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Evolution of Peru’s Economy

1950 1952 1954 1956 1958 1960 1962 1964 1966 1968 1970 1972 1974 1976 1978 1980 1982 1984 1986 1988 1990 1992 1994 1996 1998 2000 2002 2004 2006

However, there were also macroeconomic CHART Nº 1. GDP per Capita (1994 Soles) imbalances resulting from the enforcement of 7,000 the import substitution model, mainly State 6,000 financing through local lending and the print5,000 ing of unbacked currency through the Central 4,000 Reserve Bank of Peru (BCRP) and through the 3,000 foreign debt level, which soared from $ 158 2,000 1,000 million in 1962 to $ 3,066 in 1975 to cover 0 the need for capital created by a model that ended up accelerating imports even further to the detriment of exports. This resulted in Source: Central Reserve Bank of Peru Prepared by the authors inflation processes, fiscal deficit and problems in the balance of payments. The import substitution model continued to be applied over the 1970s and 1980s, with cyclical and recurring crises. The application of a set of heterodox policies toward the second half of the 1980s ended up collapsing an import substitution model that had been exhausted many years before and had not moved toward a more open model in a context in which the world was already undergoing an economic globalization process that should have also been embraced by Peru. In the late 1980s, Peru was hit by its worst economic crisis ever, with an unprecedented hyperinflation process (with inflation standing at 7,649% in 1990), fiscal deficit of –6.2% of GDP, negative international reserves of $ 317 million (1988), a collapse in the production sector that translated into a fall in the physical volume of manufacturing output of more than 38% between 1987 and 1991, and the resulting social consequences, reflected in a fall in real salaries and wages, a reduction in social expenditure from 130.32 soles per capita in 1985 to 41.27 soles per capita in 1990 (measured in 1991 new soles),3 a rise in poverty from 43.1% to 53.6% between 1985 and 1991;4 and Peru being ostracized by the international financial community on account of it defaulting on its foreign debt obligations, which in 1990 stood at about US$20 billion. To sum up, based on the GDP per capita indicator, the almost 30 years of application of the import substitution model in Peru caused a fall from 4,095 soles (base 1994) in 1962 to 3,800 soles (base 1994) in 1990. This negative result materialized through the worst social, economic and financial crisis to hit Peru in the last 60 years.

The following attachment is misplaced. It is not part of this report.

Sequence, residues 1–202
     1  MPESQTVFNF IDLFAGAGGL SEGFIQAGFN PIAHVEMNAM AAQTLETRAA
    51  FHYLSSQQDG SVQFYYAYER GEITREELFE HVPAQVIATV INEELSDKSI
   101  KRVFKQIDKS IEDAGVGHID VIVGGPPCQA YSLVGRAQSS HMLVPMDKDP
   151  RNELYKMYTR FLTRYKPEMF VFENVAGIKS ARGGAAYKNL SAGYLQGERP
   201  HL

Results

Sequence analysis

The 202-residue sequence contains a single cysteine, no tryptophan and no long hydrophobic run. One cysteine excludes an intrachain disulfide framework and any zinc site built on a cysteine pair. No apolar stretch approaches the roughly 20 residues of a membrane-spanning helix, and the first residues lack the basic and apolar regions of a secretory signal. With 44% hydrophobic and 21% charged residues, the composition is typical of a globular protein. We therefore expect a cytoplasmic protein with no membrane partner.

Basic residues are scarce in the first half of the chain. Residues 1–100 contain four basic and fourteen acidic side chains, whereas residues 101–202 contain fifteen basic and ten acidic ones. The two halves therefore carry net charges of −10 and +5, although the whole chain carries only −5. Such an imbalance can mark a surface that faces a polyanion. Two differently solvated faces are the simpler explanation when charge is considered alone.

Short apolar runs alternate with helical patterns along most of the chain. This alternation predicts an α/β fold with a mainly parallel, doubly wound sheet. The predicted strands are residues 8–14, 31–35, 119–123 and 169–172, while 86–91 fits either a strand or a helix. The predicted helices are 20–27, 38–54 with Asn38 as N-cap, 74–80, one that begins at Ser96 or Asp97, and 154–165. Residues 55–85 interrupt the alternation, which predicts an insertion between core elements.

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1.3. Market Development and Trade Liberalization Model: 1990–2006 The economic and social crisis in the late 1980s led to a serious evaluation of the closed economy and import substitution model, which had not produced the expected results. Furthermore, the 3

Informe de Coyuntura Primer Semestre 1992, Universidad del Pacífico, 1992 (Situation Report, First Semester 1992, Pacific University, 1992) 4 Niveles de Vida Perú, Subidas y Caídas (Standard of Living in Perú, Rises and Falls) ENNIV 1991, Instituto Cuanto, 1993

mobilizing aid for trade: focus on latin america and the caribbean: proceedings of the regional r...  

this report was prepared by the integration and trade sector (int) as a contribution to the regional meeting on mobilizing aid for trade: la...

mobilizing aid for trade: focus on latin america and the caribbean: proceedings of the regional r...  

this report was prepared by the integration and trade sector (int) as a contribution to the regional meeting on mobilizing aid for trade: la...

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